Preparing for Pericardiectomy surgery
8-12 hours before the operation, the patient should stop eating and drinking. It is necessary to adhere to a healthy diet a few weeks before the surgery. It helps to reduce the load on the heart. Also, before pericardiectomy, you cannot take any medications without a doctor’s consultation. Before pericardiectomy, the patient undergoes multiple examinations to identify possible contraindications and complications. These diagnostic procedures include:
- chest X-ray ECG or EKG to check your heartbeat
- blood tests to assess your general health
- an echocardiogram to view the anatomy of the heart and blood flow through the heart
- CT or MRI if your doctor needs more information about the heart
- Cardiac catheterization to measure the pressure inside the heart.
A pericardiectomy is an operation performed under general anesthesia. If necessary, the patient may be connected to artificial ventilation. The surgeon makes an incision above the sternum or between the ribs to gain access to the heart. Then he removes all or part of the pericardium and closes the wound.
Several small incisions on the side of the chest may also be used to access the pericardium. This pericardiectomy technique is called thoracoscopy or VATS. It is performed without opening the chest using microsurgical instruments and small video cameras that transmit an image of the operated area to a monitor. In this case, all adhesions are separated by a laser. Drainage catheters are installed for several days to ensure normal drainage of fluid post-surgery and minimize the risks of bleeding in the anterior mediastinum.
The duration of the surgery depends on the severity of the disease and the method of performing a surgical procedure. Roughly, pericardiectomy lasts from 2 to 4 hours (longer in severe cases).
Complications after pericardiectomy
Pericardiectomy is a complicated surgical procedure, so the risks of complications, although rare, are possible. The main negative consequences of the surgery include:
- bleeding in the pleural cavity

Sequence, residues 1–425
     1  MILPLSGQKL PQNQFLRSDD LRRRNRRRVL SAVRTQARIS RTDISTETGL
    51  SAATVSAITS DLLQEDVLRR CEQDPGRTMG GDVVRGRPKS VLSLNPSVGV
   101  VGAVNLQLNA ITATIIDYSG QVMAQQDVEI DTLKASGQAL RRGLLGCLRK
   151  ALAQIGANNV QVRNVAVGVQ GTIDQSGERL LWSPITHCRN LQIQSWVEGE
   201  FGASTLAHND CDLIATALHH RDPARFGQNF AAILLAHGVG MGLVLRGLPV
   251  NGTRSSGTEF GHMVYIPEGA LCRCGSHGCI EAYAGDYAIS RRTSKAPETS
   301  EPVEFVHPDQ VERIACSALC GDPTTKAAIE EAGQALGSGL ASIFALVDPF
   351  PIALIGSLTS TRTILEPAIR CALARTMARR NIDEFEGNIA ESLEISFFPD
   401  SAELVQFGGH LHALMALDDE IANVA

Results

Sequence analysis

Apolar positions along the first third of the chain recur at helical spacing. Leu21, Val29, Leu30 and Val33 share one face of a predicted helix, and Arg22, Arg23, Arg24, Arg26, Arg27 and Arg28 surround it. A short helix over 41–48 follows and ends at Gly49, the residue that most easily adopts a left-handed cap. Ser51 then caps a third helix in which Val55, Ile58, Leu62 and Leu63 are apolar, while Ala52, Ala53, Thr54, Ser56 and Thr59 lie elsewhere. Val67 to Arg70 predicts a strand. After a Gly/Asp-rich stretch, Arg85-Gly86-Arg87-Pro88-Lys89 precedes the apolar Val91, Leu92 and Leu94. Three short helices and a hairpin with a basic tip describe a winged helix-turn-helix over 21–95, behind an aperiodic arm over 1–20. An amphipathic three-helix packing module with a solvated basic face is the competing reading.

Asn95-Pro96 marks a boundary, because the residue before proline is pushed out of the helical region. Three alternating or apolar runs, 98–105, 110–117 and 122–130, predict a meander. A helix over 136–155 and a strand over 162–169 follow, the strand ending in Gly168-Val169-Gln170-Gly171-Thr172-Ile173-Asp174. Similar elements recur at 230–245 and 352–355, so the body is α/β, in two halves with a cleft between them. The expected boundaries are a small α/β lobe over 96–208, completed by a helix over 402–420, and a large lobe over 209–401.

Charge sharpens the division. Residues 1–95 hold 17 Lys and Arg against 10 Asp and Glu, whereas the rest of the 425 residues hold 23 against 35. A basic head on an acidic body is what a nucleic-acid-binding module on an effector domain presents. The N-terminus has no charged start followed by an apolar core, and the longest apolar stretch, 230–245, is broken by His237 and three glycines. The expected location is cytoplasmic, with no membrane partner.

- irregular heartbeat
- suppuration of the surgical wound;
- heart attack
- purulent mediastinitis
- low cardiac output syndrome
Risks may vary depending on the patient’s age, general health, and the reason for the procedure. The complications are influenced by the heart condition, the structure, and the volume of fluid in the heart bag.
Recovery from pericardiectomy
Post-surgery, the patient is placed in an intensive care unit. Then, in the absence of complications and stabilization of the condition, it is transferred to the usual one. During this period, the patient can be prescribed heart disease drugs and medications, pain relievers, and antibiotics. Typically, stitches or staples are removed 7-10 days after surgery. For a speedy recovery, it is necessary to avoid lifting weights and taking adequate rest. Also, adhere to a diet and all doctor’s recommendations regarding exercise and wound care. Full recovery of the body after pericardiectomy occurs after 3-5 months.
The cost of an operation to remove the inflamed membranes of the heart depends on:-
- the severity of the disease
- the form of pericarditis (chronic, acute, purulent)
- the presence of concomitant diseases
- the technique of surgical intervention
Prevention of pericarditis
To prevent the development of inflammation, you need to:-
- Treat infectious diseases on time.
- Take antibiotics if a bacterial disease develops.
- Streptococcal infection requires prophylaxis with penicillins.
- Treat caries, tonsillitis, and flu in time.
- Do sports.
- Eat right.
- Minimize stressful situations.
- Prevent hypothermia of the body.
- Treat the underlying disease.
Pericardiectomy is a direct surgical approach to treat pericarditis. It successfully clears the heart bag from purulent masses, calcified areas, and fibrous adhesions. A month after surgery, the patient’s condition improves significantly. After 3-5 months, normal heart function fully restores.